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The Cayman Islands’ new trademark law, which came into effect in August 2017, has brought important positive changes, even if there were a few bumps in the road, as Sophie Davies of HSM explains.
On August 1, 2017 the Trade Marks Law, 2016 was implemented in the Cayman Islands. The new law is essentially a customised version of the UK’s Trade Marks Act 1994 and has made it possible for local and international brand owners to file standalone trademark applications before the Cayman Islands Intellectual Property Office (CIIPO) for the first time, without the need to first secure a UK or EU trademark (EUTM) registration. In cases where no office actions are handed down and no third party oppositions are filed, trademarks can be registered in as little as three to six months.
Under the repealed Patents and Trade Marks Law, 2011, all Cayman Islands trademark applications had to be based on an underlying UK or EUTM registration, and the life of the Cayman application once registered was solely dependent on the life of the underlying registration. This meant that if the underlying registration was invalidated or revoked, the corresponding Cayman Islands registration would also die even if, for example, there had been genuine use in the Cayman Islands. Therefore, there were situations in which the proprietors of Cayman Islands trademarks were left without protection despite having duly paid registration and annuity costs.
The trademark application process available under the new law has led to a significant reduction in official fees paid by brand owners at the initial filing stage since the cost of obtaining a UK or EUTM registration has been cut entirely, whereas local official filing fees for the first class have only slightly increased (due to extra publication costs), with reduced rates applying to each additional class (Table 1).
The new law has also provided for an absolute grounds examination process to ensure that the marks applied for meet international standards. Therefore, additional expenses have been incurred by proprietors in responding to office actions addressing absolute grounds issues (official fees for amending an application/specification are US$121.95).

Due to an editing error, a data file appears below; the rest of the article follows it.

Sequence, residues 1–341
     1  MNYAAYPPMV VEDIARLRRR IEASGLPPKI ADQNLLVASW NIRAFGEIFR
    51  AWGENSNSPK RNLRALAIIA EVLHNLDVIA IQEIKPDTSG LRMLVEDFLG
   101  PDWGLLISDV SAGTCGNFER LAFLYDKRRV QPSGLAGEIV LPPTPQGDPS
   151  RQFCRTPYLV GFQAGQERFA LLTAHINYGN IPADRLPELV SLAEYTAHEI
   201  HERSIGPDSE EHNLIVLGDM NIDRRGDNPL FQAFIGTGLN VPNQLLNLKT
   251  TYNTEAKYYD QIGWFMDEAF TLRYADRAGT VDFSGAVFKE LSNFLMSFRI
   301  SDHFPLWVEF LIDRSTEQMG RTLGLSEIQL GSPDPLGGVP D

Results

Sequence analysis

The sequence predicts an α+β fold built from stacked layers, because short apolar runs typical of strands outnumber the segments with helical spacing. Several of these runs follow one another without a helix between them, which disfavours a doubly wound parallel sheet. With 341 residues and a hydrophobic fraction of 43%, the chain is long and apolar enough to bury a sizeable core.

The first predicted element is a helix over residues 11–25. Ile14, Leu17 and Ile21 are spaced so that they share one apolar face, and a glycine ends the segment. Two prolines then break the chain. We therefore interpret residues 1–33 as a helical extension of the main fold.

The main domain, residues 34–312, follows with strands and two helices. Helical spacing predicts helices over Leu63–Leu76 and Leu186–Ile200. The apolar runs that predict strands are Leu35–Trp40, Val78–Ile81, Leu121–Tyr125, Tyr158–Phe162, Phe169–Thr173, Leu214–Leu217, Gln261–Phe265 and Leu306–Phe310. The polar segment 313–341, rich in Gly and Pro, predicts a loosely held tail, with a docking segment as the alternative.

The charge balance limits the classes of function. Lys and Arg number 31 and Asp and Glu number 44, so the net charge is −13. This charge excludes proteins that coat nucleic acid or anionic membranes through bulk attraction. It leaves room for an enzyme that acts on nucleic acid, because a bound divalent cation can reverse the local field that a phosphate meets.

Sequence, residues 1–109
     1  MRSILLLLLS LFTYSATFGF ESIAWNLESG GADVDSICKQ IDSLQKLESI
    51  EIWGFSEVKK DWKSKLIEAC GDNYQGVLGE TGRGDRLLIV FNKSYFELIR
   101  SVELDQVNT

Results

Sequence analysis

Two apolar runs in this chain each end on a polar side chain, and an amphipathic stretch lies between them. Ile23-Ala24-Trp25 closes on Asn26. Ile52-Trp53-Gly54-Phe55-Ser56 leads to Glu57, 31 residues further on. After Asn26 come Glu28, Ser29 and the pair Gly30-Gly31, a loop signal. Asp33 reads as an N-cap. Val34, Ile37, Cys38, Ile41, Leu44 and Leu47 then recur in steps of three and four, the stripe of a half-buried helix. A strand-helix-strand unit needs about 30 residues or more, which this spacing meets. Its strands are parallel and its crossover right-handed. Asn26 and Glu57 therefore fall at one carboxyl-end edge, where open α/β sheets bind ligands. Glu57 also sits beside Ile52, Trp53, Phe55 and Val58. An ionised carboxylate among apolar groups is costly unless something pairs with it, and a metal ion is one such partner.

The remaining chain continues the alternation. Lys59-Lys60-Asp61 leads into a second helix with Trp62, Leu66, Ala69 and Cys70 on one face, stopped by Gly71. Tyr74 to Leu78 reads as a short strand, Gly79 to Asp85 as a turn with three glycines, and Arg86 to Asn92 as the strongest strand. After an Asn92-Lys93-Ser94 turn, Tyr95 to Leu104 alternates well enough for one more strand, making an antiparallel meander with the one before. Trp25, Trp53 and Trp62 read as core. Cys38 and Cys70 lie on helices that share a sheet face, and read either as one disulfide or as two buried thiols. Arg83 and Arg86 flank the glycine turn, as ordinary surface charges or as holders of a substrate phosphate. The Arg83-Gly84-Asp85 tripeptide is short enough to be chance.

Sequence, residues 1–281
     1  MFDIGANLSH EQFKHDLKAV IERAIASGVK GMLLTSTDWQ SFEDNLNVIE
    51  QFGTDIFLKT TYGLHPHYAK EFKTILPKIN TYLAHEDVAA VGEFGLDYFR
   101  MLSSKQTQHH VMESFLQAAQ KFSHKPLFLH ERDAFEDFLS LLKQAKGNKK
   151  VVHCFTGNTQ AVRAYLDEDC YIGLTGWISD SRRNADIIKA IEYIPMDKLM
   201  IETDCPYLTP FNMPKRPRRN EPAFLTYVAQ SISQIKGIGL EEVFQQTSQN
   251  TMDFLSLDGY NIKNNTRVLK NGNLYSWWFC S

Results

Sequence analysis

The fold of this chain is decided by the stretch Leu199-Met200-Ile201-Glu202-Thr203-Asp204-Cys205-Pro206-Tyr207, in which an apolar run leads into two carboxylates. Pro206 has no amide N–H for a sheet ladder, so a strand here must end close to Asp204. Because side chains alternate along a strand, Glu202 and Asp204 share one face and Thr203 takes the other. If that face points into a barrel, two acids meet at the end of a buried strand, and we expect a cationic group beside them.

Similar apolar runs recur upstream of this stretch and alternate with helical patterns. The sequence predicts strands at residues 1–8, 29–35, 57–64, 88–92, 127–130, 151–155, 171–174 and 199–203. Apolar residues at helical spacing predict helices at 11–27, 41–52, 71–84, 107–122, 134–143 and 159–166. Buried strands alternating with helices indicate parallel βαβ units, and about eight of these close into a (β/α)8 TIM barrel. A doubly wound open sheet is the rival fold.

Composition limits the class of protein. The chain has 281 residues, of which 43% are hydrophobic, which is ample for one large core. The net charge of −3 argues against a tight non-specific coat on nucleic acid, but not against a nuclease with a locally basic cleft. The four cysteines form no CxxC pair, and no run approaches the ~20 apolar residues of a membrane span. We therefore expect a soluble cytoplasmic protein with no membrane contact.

The transition to the new law has also resulted in some gaps in trademark protection for proprietors of Cayman Islands trademarks secured under the repealed law but which could not be renewed under the new law.
We discuss key aspects of the application and examination process below, as well as CIIPO’s approach to registrations which expired under the repealed law
Application and examination process
The following information is required to file a trademark application in the Cayman Islands: (a) a representation of the mark to be filed; (b) a specification of the goods and/or services; and (c) the applicant’s name, address and type (eg, person, registered company, LLC, partnership, etc).
It is also possible to include a description of the trademark (this may be beneficial if it is a wordless device) as well as any relevant limitations and/or disclaimers. Any marks comprising non-English words or non-Roman characters must be translated/transliterated. Coined words without meaning should be cited on the application form. Applications must be filed by a registered agent.
"The new law has also provided for an absolute grounds examination process to ensure that the marks applied for meet international standards."
The examiner endeavours to complete a preliminary examination of trademark applications within 14 days of receipt, after which a filing date is issued. Substantive examination is generally conducted within 30 to 60 days from the completion of the preliminary examination. If acceptable on absolute grounds, the application is then published in the IP Gazette for opposition purposes for a period of 60 days (the opposition period cannot be extended). Shortly after the end of the opposition period, assuming no oppositions are filed, the application proceeds to registration and a certificate of registration is issued.
The registrar will not refuse an application on relative grounds unless an earlier rights owner files a successful opposition against the application. When receiving a new trademark application, however, the registrar conducts a search of earlier trademarks on the register to such extent as the registrar considers necessary.
The purpose of the search is to ascertain whether there are any existing registrations identical with the mark applied for, or so nearly resembling it so as to render the mark applied for likely to deceive or cause confusion in respect of the same goods or services. Where this appears to be the case, the applicant’s registered agent and the registered agent of the proprietor of the earlier registration will be notified.
During the first few weeks of implementation of the new law, CIIPO handed down a high volume of office actions, with a large number of objections raised concerning the wording of specifications. On August 21, 2017, CIIPO published Practice Direction No. 02/2017, which offered detailed helpful guidance on acceptable specifications.